Beyond the StripBy Shelley Coltrin
A couple celebrates their engagement in Las Vegas
When my boyfriend, Marcus, decided to pop the big question (and I said “yes”), we knew just the place to go celebrate with a quick, affordable weekend getaway: Las Vegas! It had been a few years since either of us had been there and we’d never gone together, so celebrating our good news seemed like the perfect opportunity.
On past trips, we’d each focused quite a bit on activity surrounding the Las Vegas Strip; this time we both wanted something with all the Vegas fanfare but slightly more personal. That’s how we ended up on “Glitter Gulch,” Fremont Street, in the historic downtown area.
Even if you’ve never heard of Fremont Street by name, if you enjoy any pop culture, you’ve probably seen it onscreen. It was the site of the big car chase scene in the classic James Bond movie Diamonds Are Forever. More recently, it served as the backdrop for scenes from Con Air, The Hangover III, and Dodgeball. But dearest to my heart, as an avowed fan of the rock group U2, it’s the same street the group’s singer and guitar player walk down in the music video for “I Still Haven’t Found What I’m Looking For.” Yep, my honey whisked me away to the very same street roamed by my favorite singer in the whole world. Swoon!
You can find everything you’re looking for in Las Vegas on Fremont Street and nearby, beginning with our stay at the quaint 4 Queens hotel and casino. Like most of the surrounding lodging options, 4 Queens has the standard casino/hotel amenities you can find on the Strip, but it’s a more intimate size and easier to navigate, with a distinctive “classic” Las Vegas feel to it. On check-in, we each received a free deck of 4 Queens playing cards and a little coupon book good for discounted breakfast at the main restaurant, a discount at the casino gift shop, and other freebies. Because Marcus had confirmed his reservation in advance, he also got a free 4 Queens T-shirt and keychain.
The Fremont Street Experience
After we unloaded our car and brought everything to our room, we headed out to see what Fremont Street had to offer.
The area is extremely walkable, both in ease and distance. In the mid-90s, the city built the Fremont Street Experience. A five-block portion was permanently closed off to car traffic, so people mill about at all hours of the day and night. A giant structure for shade was installed over this section, making it pleasant to walk around even in the summer heat.
Throughout the day and into the evening, you’ll see people riding SlotZilla, a giant zip line seven to 11 stories high. Frequently they’re superhero-style—on their stomachs with faces forward. We didn’t have the nerve to try that, as it runs the length of the Fremont Street Experience and someone—OK, me, that someone is me!—is afraid of heights.
At night, the entire shade structure comes alive; lights, old music videos, and other danceable tunes put on a show. It’s like a giant block party into the wee hours of the morning—and yes, our hotel room did come with earplugs in addition to all the usual toiletries you’ll find in the bathroom!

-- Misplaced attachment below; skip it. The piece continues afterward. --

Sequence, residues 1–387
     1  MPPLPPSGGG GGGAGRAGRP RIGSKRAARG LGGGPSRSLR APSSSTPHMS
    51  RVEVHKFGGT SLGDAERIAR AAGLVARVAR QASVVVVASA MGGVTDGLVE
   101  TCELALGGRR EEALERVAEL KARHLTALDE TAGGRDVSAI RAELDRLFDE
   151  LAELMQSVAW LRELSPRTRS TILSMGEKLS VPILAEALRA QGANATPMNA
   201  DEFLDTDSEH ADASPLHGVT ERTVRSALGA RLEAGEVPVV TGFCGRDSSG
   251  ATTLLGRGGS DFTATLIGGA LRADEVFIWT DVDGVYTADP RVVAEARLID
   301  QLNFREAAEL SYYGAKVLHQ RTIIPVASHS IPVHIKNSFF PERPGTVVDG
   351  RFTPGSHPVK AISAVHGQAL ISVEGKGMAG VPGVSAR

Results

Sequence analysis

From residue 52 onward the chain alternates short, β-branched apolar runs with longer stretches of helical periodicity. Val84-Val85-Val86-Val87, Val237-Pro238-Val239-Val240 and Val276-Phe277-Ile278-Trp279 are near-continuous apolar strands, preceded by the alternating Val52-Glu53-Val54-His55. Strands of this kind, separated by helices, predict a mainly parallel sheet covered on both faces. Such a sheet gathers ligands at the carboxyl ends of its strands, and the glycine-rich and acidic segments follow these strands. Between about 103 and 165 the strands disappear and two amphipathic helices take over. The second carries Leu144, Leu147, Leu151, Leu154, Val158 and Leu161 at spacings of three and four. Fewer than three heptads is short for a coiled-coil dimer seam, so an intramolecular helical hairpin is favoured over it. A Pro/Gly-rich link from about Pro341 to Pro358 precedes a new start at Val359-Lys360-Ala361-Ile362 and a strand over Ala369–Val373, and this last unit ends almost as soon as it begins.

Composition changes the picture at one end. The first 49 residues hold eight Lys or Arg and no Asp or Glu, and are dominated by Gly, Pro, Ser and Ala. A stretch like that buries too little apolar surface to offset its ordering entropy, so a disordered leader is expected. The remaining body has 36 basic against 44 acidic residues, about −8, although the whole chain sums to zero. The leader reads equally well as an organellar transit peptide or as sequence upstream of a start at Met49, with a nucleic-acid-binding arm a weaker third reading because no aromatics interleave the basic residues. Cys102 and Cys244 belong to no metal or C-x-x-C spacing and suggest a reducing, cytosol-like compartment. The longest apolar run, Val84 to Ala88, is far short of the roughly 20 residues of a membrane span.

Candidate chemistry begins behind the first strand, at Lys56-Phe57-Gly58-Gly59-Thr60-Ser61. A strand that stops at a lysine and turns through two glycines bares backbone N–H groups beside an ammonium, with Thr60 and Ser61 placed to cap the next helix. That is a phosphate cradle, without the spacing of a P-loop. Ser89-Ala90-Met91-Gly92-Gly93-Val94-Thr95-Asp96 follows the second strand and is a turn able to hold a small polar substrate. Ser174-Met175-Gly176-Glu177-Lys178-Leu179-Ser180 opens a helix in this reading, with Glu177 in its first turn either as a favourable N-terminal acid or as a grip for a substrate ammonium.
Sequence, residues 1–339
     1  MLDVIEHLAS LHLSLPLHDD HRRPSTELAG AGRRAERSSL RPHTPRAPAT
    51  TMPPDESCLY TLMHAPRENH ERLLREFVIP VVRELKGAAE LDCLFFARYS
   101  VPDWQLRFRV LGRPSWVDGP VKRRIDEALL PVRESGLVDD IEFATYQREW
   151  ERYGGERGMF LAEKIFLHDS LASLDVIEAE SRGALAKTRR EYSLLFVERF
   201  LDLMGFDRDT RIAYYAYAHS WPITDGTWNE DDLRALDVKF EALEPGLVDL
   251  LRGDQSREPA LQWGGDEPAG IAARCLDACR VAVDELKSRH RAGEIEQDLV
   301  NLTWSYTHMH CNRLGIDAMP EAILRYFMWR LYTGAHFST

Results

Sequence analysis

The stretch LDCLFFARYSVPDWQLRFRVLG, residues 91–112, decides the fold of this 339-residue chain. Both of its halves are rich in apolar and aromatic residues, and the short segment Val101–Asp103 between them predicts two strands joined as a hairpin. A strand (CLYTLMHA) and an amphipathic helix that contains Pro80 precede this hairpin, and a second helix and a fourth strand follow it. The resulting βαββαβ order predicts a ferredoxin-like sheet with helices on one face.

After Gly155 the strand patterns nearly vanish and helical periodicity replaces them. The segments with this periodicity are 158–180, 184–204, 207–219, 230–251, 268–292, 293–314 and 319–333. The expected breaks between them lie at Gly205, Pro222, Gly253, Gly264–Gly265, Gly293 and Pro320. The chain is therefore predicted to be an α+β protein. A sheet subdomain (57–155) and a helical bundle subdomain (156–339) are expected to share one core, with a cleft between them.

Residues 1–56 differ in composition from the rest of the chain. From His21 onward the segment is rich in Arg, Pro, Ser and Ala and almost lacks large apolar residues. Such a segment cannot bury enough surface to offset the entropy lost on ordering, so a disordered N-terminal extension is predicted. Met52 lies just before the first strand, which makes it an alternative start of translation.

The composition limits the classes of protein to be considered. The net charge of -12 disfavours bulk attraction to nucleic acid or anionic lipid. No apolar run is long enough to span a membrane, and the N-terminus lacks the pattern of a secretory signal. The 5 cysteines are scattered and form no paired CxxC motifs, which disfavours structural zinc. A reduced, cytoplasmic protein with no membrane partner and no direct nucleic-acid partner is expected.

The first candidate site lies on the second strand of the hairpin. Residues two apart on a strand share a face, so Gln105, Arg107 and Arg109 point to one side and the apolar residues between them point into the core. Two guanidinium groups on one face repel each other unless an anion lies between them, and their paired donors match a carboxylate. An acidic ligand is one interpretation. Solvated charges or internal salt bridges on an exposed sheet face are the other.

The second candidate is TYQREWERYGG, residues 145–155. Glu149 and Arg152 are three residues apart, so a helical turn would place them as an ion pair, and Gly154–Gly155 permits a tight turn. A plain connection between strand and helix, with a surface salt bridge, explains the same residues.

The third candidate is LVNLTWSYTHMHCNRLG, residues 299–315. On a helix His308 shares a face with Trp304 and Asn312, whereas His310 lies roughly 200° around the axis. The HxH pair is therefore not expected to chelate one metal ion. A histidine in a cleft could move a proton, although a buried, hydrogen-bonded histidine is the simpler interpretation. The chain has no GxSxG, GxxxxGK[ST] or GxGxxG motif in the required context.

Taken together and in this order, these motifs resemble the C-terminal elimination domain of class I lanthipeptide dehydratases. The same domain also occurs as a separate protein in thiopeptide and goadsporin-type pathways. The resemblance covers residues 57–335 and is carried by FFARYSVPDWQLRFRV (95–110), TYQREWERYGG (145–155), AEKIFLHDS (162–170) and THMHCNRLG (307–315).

As if that weren’t enough, live bands play on a plaza just in front of the hotel. Some are big names from the 90s, but it’s mostly smaller acts doing a great job of covering popular songs.
Marriage can be murder
On our first night, we went across the street from 4 Queens to The D, which is not only a casino/hotel but hosts a nightly interactive dinner theater show called Marriage Can Be Murder. The title seemed tongue-in-cheek appropriate for us, given the reason we were even in town. It was written by the two main actors, who are married in real life, although their characters are not. It’s a who-done-it with actors planted in the audience and tons of audience participation, including a full musical funeral procession each time an audience member “dies.” Social media interaction is encouraged throughout the evening, and the actors graciously spend lots of time posing for pictures and signing autographs with the audience afterward.
The food itself had something for everyone as well, from what the show bills as a “pre-killing course”—salad—to a main course with a choice of a chicken meal, red meat, or vegetarian pasta. I went with the pasta while Marcus had steak, and we both were almost too stuffed for the “death by sugar” ice cream treat at the end.
The next evening we spent more time outdoors, roaming the area on foot. A friend had told me about the Downtown Container Park, so we decided to check that out. Built entirely of shipping containers, it features eateries and boutique shopping. Out front, a giant metal praying mantis sculpture greets visitors; after dark the mantis comes to life with popular music, and its antennae blasts plumes of flame into the night sky. Talk about a hot destination!
From there, we meandered in and out of the numerous little shops along Fremont Street, searching for souvenirs to take home to our friends. We saw the legendary Vegas Vic neon statue, which looms above what was once The Pioneer Club but is now one of the many gift shops. We picked up a new Las Vegas-themed bottle opener magnet for our fridge at home and several sets of personalized dice for our friends.
Even though we’d just gotten engaged, and even though Las Vegas is famous for quickie marriages, that’s one thing we did NOT do while we were there. But on our drive home we reflected on all the excitement of the weekend and looked forward to what lay ahead in life, including another road trip to Vegas.